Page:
Blame everywhere but Tehran

Review of "A Single Roll of the Dice"


Blame everywhere but Tehran
by Sohrab Ahmari

Just over three years have passed since President Barack Obama extended a hand to the Islamic Republic of Iran in the hope of stopping its quest for nuclear weapons. Today his policy of engaging Tehran is judged by many to be a disaster. The headlines daily reinforce this conclusion: As Iran's nuclearization drive hurtles to the point of no return, the governing mullahs plot assassination on U.S. soil and threaten American aircraft carriers in the Persian Gulf. A diplomatic resolution to the nuclear issue remains as elusive as it was when the Obama administration first assumed power.

In A Single Roll of the Dice, Trita Parsi tries to account for this failure. But rather than re-examine U.S. policy and its underlying assumptions, Mr. Parsi spends much of the book casting blame on a wide range of actors for Mr. Obama's inability to disarm the clerical regime through diplomatic means. Such blame-shifting is not surprising. The author has spent years, as president of the National Iranian American Council, advocating for engagement with Iran; he is now determined to explain away the policy's inherent flaws.

Although Mr. Parsi is far from disinterested in the ultimate outcome of the engagement debate, "A Single Roll of the Dice" is written with an ersatz air of objective analysis, employing a coolly neutral tone and a prose style straight out of a diplomatic press release. ("Even on the third day, when the negotiators were reaching a point of exhaustion, the atmosphere remained respectful and constructive.") There are also no less than 98 unattributed quotations, with a "senior European official" reliably presenting views that would no doubt go down well at the National Iranian American Council.

Beneath the book's slick presentation, though, political animus simmers. Mr. Parsi accuses a remarkable number of countries, organizations and individuals—including Sunni-Arab states, the European Union, the U.S. Congress and even members of the Obama administration—of having deliberately undermined the president.

Predictably, Israel and American Jews with an interest in U.S. policy are subjected to the harshest criticism. Israel's perception of the Iranian threat, Mr. Parsi says, has long "resembled prophesy more than reality," impelling the Jewish state to frame its conflict with Iran's clerical regime "as one between the sole democracy in the Middle East and a theocracy that hated everything the West stood for." Mr. Parsi rejects that perception. Beneath the Iranians' viciously anti-Semitic and anti-American sloganeering, he contends, lies a legitimate demand that their "security interests and regional aspirations" be recognized. Meet the demand, he thinks, and Iran will no longer be a threat.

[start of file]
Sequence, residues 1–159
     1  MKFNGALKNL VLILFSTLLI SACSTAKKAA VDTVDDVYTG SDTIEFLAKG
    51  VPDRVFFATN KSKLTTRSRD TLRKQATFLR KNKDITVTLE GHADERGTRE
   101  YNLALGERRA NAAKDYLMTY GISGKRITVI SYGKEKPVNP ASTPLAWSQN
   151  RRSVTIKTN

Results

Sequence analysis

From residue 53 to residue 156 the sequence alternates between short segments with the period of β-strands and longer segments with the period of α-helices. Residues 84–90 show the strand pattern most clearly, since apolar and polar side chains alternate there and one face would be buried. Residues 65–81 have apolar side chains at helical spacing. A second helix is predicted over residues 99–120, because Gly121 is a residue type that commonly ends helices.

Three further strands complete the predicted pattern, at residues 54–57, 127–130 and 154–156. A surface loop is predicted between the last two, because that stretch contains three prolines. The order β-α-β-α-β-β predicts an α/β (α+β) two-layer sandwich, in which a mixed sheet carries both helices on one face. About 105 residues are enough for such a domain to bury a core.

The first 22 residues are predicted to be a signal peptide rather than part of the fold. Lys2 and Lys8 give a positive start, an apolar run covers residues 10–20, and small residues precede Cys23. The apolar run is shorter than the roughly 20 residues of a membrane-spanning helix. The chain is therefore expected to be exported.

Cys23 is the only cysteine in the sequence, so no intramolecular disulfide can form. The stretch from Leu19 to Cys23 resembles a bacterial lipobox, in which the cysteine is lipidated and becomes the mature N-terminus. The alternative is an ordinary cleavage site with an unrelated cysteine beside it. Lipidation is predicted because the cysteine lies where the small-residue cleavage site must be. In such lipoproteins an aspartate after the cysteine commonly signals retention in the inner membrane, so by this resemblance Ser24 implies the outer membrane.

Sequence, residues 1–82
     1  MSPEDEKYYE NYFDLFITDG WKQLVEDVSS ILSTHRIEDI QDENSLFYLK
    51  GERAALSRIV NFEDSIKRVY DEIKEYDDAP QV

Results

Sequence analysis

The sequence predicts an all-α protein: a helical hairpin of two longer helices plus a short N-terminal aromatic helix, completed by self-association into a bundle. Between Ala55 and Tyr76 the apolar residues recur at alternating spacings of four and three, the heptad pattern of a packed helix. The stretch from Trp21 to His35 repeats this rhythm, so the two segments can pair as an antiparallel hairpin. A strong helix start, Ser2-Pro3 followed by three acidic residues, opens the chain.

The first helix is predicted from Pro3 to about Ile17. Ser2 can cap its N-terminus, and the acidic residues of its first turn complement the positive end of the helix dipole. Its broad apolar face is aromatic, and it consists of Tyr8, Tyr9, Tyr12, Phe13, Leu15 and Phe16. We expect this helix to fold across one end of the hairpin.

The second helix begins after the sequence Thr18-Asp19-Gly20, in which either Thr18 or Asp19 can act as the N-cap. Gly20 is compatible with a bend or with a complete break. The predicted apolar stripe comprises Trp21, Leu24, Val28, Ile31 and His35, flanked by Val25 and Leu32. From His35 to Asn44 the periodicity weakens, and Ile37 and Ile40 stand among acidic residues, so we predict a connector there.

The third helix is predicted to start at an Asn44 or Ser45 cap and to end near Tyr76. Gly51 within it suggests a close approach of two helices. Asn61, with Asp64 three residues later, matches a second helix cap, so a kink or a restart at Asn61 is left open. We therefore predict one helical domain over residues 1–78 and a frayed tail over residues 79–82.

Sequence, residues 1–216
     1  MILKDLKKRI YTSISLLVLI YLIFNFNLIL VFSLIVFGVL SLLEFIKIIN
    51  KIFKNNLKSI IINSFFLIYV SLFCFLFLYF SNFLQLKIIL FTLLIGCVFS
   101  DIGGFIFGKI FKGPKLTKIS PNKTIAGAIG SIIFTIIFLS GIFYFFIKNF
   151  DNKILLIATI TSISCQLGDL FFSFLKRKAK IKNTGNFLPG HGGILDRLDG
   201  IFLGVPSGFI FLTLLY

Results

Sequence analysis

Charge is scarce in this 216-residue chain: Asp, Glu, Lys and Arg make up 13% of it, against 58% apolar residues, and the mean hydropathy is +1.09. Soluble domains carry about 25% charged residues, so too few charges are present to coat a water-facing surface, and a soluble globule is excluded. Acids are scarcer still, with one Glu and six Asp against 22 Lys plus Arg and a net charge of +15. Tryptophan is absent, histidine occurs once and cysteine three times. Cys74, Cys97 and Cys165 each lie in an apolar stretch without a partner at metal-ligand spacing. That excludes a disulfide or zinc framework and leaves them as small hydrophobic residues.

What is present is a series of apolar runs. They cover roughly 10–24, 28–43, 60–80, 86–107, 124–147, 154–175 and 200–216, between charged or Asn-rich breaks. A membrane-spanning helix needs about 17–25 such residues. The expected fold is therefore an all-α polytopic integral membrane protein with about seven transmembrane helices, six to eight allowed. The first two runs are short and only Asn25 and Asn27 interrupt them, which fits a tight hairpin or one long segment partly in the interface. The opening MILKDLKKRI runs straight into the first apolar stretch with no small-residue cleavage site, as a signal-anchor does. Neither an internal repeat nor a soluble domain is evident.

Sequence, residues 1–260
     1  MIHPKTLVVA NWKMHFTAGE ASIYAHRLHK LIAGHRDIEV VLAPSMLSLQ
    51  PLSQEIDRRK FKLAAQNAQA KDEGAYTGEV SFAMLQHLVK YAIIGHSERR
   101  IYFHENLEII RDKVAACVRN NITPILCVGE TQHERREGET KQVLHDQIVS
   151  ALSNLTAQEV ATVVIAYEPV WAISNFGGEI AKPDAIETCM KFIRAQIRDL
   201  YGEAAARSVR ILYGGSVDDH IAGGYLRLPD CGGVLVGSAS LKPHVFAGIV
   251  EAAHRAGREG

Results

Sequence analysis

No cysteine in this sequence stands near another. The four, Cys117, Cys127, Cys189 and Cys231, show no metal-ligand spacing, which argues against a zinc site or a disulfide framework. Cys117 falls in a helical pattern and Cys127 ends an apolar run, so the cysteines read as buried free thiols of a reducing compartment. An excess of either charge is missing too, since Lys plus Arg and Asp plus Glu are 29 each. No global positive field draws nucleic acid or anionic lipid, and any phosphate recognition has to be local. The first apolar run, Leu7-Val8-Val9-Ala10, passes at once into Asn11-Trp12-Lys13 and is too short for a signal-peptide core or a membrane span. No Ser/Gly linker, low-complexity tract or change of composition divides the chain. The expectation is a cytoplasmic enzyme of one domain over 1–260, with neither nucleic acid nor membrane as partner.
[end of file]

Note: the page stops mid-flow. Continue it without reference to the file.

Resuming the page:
Israel and its allies in the U.S. were determined to prevent such an exchange of strategic respect, according to Mr. Parsi. Thus was closed a rare diplomatic opening represented by the election of an American president with a persona well suited to peacemaking and without "the baggage of previous administrations."

Quick to ascribe irrationality and bad faith to opponents of engagement, Mr. Parsi is charitable when it comes to examining the motivations of the Iranian side. But he must frequently sift the obviously belligerent content of the theocrats' statements to find signs of goodwill—signs invisible to unsophisticated "hawks" and "elements on the right" in the U.S.

Consider Mr. Parsi's treatment of the bizarre note sent by Mahmoud Ahmadinejad to congratulate Mr. Obama on his election victory in 2008. The letter brimmed with Mr. Ahmadinejad's typically venomous rhetoric: "The nations of the world expect an end to policies based on warmongering, invasion, bullying, trickery" and so on. Yet Mr. Parsi sees a bright side: "The content of the letter was less important than the fact that the letter had been sent in the first place . . . showing Iran's interest in dialogue and willingness to take political risks to begin engagement with America."

Or take Mr. Obama's first video postcard to the Islamic Republic on the occasion of the Persian New Year, where the American president made it clear that the U.S. no longer intended to undermine the Iranian regime. "This is not a change," Ayatollah Ali Khamenei, Iran's Supreme Leader, had sneered in response. "This is deceit." In the same speech, Ayatollah Khamenei had declared that "the divine laws and the world will change [America] if it doesn't do so willingly." Mr. Parsi does not quote this passage. Instead he tells us that the mere fact of Ayatollah Khamenei's response was "a sign of the success of Obama's move, because no other U.S. president had managed to compel Iran's Supreme Leader to act in this manner."

It is only in his account of Iranian protesters' post-election uprising in 2009 and the regime's crackdown on them that Mr. Parsi strays from this narrative of Iranian earnestness and Western folly. Readers may find it difficult to reconcile his portrait of a regime that "showed no mercy" at home but is also a rational negotiating partner eager to engage the West.

Yet the author concedes that "the election fraud and ensuing human rights violations" strengthened the case against U.S. engagement with Iran and "dealt the biggest blow to Obama." But Mr. Parsi does not follow his concession to its logical conclusion: that enmity between the West and Iran is based on ideological differences, not strategic ones.